We use cookies to improve your website experience. To learn about our use of cookies and how you can manage your cookie settings, please see our Cookie Policy. By continuing to use the website, you consent to our use of cookies. Close


Law of Insurance Contracts

Chapter 6



Rights under a contract of insurance are categorised as choses in action.2 Common law did not permit the assignment of choses in action, but eventually assignment was permitted by statute (below, 6-3). Meanwhile, an informal assignment was enforced by equity (below, 6-4) and equitable assignment has survived the introduction of the statutory modes of assignment.3 Indeed, equity is needed to accommodate assignments, which there is no ground for objecting to but which are not sustainable at common law or by statute. For example, the latter can be used to assign only existing choses in action; a future chose in action can be assigned only in equity.4 The content of Chapter 6 is ordered in the traditional way, first assignment at common law and then assignment in equity. However, a critic has justifiably observed that in the commercial world the reality is that “the equitable principles of assignment constitute the only general mode of transfer of incorporeal rights” for “the widest possible subject-matter”.5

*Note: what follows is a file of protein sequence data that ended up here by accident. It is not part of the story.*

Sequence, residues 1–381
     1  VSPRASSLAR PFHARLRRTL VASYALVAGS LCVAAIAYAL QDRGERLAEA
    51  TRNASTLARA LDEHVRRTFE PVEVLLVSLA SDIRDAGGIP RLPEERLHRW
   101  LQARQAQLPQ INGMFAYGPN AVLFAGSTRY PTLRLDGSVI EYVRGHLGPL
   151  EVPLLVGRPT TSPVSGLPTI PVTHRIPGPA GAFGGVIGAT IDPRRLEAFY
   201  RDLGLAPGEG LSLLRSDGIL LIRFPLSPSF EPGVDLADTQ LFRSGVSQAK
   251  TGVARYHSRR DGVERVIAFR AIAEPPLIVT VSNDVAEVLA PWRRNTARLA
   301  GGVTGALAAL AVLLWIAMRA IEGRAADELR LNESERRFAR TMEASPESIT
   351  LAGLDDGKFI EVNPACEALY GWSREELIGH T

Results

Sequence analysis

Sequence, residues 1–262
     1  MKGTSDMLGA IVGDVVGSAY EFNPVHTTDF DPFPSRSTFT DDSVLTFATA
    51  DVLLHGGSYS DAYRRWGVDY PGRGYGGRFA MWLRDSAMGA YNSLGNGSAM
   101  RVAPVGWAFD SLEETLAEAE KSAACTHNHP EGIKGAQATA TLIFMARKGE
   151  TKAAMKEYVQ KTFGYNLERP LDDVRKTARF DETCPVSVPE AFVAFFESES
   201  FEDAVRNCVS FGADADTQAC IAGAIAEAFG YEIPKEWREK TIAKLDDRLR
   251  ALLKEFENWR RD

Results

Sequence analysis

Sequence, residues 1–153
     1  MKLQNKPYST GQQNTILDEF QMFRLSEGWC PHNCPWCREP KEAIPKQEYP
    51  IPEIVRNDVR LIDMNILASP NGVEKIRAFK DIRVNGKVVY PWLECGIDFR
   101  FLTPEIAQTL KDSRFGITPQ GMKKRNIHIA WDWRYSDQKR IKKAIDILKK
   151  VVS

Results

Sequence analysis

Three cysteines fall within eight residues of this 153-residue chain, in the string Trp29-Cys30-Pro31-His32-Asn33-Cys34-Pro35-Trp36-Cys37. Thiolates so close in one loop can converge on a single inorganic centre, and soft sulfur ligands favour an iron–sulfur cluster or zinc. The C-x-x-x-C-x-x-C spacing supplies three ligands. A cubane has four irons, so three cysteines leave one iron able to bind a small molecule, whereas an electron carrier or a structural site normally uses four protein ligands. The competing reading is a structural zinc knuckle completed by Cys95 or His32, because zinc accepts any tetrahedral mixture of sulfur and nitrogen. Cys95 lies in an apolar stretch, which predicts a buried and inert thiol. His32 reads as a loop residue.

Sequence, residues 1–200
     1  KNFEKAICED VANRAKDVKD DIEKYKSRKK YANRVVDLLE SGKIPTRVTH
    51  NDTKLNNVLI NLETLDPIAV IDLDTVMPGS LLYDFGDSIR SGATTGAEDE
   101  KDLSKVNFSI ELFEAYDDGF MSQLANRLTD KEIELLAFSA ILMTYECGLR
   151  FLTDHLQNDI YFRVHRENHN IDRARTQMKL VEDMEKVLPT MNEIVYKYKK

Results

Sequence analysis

The rest of this document is only available to i-law.com online subscribers.

If you are already a subscriber, please enter your details below to log in.

Enter your email address to log in as a user on your corporate account.
Remember me on this computer

Not yet an i-law subscriber?


Request a trial Find out more